Temple University Graduate Student Sentenced to 30 Years After Supplying Imported Drugs to Rogue Online Pharmacies

In December 2007, Akhil Bansal, an Indian physician and a graduate student at Temple University in Philadelphia, was sentenced to 30 years in prison, 5 years of supervised release and a forfeiture of $250,000 after being convicted of 2 counts of conspiracy to distribute controlled substances, 1 count of continuing criminal enterprise, 2 counts of conspiracy to introduce misbranded drugs into interstate commerce, and 14 counts related to money laundering.

Bansal ran the domestic side of an international Internet pharmacy network that distributed millions of dollars worth of non-controlled and controlled drugs illegally imported from India. He worked in conjunction with his family in India to fill orders for unlicensed online pharmacies. Between 2003 and 2005 the operation saw $8 million in proceeds from the sale of medicines dispensed to patients without prescriptions. Authorities estimated that the business sold 2.5 million doses a month of drugs that included narcotics, anabolic steroids and amphetamines.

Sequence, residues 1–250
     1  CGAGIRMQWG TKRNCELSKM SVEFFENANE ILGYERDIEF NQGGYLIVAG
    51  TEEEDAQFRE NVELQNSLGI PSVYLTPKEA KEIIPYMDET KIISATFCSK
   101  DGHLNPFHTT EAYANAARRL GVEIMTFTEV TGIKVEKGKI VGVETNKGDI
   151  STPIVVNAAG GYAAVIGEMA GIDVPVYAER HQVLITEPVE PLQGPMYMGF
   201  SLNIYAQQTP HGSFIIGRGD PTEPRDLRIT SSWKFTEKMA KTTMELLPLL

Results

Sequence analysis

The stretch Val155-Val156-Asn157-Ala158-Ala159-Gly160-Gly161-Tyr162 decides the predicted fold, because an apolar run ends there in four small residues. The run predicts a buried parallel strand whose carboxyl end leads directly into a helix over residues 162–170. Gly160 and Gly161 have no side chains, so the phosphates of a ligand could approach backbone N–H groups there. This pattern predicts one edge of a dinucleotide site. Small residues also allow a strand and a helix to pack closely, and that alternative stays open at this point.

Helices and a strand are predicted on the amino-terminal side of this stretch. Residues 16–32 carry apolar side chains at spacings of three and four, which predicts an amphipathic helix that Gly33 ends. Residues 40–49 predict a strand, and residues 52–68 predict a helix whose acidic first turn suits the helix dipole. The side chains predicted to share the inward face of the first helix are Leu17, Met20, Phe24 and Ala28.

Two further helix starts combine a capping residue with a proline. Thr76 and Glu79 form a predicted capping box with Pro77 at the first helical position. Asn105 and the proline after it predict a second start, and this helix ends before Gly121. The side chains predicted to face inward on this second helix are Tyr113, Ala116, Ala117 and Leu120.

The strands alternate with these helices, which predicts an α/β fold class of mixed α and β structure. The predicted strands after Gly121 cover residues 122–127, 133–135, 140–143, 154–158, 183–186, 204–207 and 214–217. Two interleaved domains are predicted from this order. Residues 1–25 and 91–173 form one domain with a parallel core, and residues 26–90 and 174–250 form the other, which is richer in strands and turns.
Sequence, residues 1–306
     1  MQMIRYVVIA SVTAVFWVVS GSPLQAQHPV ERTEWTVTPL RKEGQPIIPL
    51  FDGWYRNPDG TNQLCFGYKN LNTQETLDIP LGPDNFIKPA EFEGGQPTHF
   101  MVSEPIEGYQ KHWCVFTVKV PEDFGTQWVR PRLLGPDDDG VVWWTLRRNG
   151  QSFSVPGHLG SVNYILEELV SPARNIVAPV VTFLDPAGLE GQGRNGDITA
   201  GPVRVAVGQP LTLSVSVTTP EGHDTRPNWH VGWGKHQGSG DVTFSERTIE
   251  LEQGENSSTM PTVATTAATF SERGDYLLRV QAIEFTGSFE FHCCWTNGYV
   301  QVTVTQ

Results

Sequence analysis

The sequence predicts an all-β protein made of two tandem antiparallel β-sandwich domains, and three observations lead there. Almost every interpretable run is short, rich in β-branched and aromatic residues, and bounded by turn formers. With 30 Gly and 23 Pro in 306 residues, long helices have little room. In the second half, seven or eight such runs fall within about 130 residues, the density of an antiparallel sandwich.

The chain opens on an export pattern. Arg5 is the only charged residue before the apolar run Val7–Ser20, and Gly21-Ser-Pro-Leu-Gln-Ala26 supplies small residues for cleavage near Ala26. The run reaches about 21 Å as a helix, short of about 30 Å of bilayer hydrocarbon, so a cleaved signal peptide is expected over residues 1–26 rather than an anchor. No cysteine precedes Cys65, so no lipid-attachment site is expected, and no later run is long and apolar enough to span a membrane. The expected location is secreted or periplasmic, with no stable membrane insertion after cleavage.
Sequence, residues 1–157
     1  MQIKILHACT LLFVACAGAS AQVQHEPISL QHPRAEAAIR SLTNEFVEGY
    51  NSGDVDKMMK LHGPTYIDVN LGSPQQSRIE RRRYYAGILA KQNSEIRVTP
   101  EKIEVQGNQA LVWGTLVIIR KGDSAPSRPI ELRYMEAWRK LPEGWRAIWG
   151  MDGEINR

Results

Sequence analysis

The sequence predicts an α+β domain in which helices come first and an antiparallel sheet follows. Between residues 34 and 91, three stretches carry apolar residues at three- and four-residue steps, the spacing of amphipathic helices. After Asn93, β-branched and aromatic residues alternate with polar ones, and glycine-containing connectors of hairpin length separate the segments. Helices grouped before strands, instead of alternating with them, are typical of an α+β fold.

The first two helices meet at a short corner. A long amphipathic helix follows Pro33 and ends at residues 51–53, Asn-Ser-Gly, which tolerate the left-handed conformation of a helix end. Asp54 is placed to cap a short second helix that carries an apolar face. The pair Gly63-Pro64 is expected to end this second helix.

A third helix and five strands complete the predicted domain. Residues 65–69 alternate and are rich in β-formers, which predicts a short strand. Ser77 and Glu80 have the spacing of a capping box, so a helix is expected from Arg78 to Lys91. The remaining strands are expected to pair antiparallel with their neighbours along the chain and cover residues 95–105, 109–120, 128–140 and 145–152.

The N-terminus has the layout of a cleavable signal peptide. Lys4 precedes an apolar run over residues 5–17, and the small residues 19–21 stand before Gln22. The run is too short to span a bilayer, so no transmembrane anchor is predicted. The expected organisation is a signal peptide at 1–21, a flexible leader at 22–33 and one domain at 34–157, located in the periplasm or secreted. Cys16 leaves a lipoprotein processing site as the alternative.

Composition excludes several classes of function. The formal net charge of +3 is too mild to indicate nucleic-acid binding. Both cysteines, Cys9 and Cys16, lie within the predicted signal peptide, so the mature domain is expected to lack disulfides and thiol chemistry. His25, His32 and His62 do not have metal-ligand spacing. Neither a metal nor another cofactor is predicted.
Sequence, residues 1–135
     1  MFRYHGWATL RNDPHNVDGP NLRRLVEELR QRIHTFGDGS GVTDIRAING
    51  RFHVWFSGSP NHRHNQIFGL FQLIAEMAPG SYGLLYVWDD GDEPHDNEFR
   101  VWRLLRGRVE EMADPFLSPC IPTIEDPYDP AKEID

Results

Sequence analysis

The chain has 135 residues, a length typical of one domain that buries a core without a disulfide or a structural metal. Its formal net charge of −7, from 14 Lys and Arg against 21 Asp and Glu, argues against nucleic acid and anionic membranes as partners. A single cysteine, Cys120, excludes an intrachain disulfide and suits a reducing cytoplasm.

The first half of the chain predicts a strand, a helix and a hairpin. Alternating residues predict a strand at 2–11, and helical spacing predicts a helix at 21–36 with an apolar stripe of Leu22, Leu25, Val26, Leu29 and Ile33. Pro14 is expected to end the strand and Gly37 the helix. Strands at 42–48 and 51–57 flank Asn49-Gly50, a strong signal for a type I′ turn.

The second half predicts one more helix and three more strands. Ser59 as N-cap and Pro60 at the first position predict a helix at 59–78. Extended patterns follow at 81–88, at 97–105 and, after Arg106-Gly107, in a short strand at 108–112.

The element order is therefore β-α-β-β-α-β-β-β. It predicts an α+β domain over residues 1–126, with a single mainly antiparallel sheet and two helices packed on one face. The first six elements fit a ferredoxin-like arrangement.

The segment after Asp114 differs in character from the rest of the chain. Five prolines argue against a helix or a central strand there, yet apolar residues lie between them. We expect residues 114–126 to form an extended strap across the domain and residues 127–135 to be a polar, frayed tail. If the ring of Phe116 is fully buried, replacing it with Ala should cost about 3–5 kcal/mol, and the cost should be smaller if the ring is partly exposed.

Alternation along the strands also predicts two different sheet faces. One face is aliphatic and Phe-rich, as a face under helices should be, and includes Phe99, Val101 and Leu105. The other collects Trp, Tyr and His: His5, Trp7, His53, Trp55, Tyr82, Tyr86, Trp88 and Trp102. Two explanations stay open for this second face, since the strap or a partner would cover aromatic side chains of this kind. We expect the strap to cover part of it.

Who: DEA, FDA–OCI, the IRS Criminal Investigation Division, FBI, U.S. Postal Inspectors, ICE, Department of Defense Criminal Investigative Service, the Philadelphia Police Department, Chester City Police Department, Delaware County C.I.D., Bristol Township Police, Lower Merion Police, Cheltenham Township Police, and Bensalem Township Police

When: July 2003–April 2005, convicted April 2006

Where: Philadelphia, PA

How: Investigation and a Federal indictment after an Airborne Express supervisor found Viagra and Valium being shipped without the correct documentation and with no evidence of a prescription.

Other information: Bansal was one of 17 people in 7 countries indicted in April 2005 on charges related to supplying misbranded drugs for the Bansal network or in running internet pharmacies that sold them.

The Bansal operation had approximately 100,000 customers worldwide, with 60 percent to 70 percent of them in the United States.

At least 2 patients reported atypical reactions (itching, rashes and swollen fingers) to medicine that had been supplied by the Bansals.

Related sources:

Leader of International Internet Drug Trafficking Network Found Guilty, Justice Department Press Release, April 17, 2006.

USA vs Akhil Bansal, superseding indictment, January 4, 2006
USA vs Akhil Bansal judgment, filed December 17, 2007 
Ankhil Bansal's confession to the FBI, April 19, 2005.

"DrugNet," the Philadelphia Inquirer's eight part series on the case

"Doctor gets jail for Web pill sale,"" Philadelphia Inquirer, December 15, 2007,